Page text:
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<nettime> Controversy over the origins and nature of the Internet
Ronda Hauben on Mon, 27 Jan 2003 01:50:47 +0100 (CET)

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<nettime> Controversy over the origins and nature of the Internet

It was interesting that there was a controversy in the online news
media about whether it was appropriate to celebrate January 1, 2003
as the 20th anniversary of the birth of the Internet. At least in
the online media such controversies are possible, rather than a 
fixed determination as in much of the offline media's accounts 
of the Internet and its development. 

The following article appeared in Telepolis last week, in English and German.

It is a contribution to the discussion of the nature of the Internet
and the controversy over its essential aspects.

Excerpt from: http://www.heise.de/tp/english/inhalt/te/14017/1.html


>From Telepolis:

    Celebrating the Birthday of the Internet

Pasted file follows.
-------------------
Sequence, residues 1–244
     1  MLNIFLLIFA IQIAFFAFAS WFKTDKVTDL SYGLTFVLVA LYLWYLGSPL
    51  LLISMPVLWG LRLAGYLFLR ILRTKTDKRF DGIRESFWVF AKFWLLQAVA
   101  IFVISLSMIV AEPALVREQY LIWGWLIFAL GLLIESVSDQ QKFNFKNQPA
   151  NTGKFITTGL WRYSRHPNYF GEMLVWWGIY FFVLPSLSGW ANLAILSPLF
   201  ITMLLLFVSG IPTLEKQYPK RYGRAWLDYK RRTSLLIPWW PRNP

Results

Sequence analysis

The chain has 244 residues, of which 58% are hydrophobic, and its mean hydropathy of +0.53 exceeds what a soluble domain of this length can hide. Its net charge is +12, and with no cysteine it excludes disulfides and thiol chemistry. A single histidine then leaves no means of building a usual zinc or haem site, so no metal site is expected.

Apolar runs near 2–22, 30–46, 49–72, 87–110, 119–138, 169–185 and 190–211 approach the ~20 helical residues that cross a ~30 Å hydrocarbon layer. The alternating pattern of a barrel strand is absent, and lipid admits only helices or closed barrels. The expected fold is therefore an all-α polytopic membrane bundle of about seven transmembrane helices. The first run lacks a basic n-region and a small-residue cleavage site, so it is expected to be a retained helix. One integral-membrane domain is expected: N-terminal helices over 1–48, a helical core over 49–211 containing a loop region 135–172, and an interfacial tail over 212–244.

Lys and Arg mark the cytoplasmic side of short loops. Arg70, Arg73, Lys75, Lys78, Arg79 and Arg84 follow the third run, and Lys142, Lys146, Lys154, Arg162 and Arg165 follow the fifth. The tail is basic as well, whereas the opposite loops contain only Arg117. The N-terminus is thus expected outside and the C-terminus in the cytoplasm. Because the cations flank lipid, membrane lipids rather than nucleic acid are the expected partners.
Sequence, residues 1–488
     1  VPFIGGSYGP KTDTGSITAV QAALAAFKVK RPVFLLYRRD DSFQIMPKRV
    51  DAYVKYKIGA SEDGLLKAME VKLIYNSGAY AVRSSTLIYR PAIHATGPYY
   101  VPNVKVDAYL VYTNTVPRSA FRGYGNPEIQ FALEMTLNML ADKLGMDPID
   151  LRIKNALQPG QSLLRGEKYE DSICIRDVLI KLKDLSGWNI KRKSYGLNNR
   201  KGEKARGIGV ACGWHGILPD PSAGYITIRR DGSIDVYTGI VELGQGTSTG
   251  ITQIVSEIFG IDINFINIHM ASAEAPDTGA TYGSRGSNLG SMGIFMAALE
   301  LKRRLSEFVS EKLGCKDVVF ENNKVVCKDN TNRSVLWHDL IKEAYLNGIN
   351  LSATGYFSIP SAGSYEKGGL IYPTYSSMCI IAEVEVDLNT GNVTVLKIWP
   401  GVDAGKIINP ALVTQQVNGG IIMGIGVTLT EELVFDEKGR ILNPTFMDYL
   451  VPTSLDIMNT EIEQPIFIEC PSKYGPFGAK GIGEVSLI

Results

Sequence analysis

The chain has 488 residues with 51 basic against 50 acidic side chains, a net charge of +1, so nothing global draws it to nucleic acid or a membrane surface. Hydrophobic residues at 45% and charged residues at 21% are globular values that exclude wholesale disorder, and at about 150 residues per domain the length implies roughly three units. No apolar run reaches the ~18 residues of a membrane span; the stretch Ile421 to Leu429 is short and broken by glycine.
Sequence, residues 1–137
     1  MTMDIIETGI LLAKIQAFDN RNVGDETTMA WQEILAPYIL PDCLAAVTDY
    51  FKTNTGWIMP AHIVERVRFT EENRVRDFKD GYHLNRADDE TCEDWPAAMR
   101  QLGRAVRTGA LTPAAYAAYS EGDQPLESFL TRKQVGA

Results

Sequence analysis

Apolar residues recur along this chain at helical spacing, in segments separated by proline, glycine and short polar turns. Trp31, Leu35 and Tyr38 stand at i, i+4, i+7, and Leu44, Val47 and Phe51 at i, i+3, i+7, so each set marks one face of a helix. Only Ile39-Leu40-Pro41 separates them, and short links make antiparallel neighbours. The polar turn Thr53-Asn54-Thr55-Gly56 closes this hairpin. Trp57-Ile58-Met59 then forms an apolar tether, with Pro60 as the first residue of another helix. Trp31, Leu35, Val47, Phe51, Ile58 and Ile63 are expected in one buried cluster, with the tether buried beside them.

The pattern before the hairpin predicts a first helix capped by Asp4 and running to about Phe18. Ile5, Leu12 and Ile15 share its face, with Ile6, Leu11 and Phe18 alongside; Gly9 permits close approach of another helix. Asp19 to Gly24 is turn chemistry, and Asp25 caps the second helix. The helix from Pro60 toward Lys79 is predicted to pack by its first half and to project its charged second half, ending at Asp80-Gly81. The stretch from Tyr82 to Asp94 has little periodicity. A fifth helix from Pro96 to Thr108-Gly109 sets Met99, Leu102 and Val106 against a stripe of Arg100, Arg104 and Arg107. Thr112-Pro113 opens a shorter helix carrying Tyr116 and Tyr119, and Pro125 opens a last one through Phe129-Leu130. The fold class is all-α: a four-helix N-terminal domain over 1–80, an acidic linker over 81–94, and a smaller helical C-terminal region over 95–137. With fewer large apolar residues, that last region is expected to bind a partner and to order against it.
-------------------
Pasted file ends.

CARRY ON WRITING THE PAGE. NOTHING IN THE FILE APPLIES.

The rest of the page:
January 1, 1983, the Cutover from NCP to TCP/IP 

    As the first of January, 2003 approached, several news accounts and 
posts appeared on the Internet heralding New Year's Day as the 20th 
birthday of the Internet. This was the anniversary of the cutover on 
the ARPANET from NCP (Network Control Protocol) to TCP/IP (Transmission 
Control Protocol/Internet Protocol).... The essence of the ARPANET, 
when NCP was its protocol, was the connection of computers. The essence 
of the Internet is the connection of networks, not of computers. While the 
transition to TCP/IP on the ARPANET may not appear to be a significant 
development, the cutover from NCP to TCP/IP was a necessary first step 
for the ARPANET hosts to participate in the Internet. The basis was now 
set for hosts on the ARPANET to connect via gateways to TCP/IP enabled 
hosts on other networks. 

   The change from one big packet switching network under the control of 
one administrative or political structure to an open architecture allowing 
for communication among dissimilar networks under diverse forms of political 
or administrative structures, is the change that has made it possible to 
have an international Internet today. 

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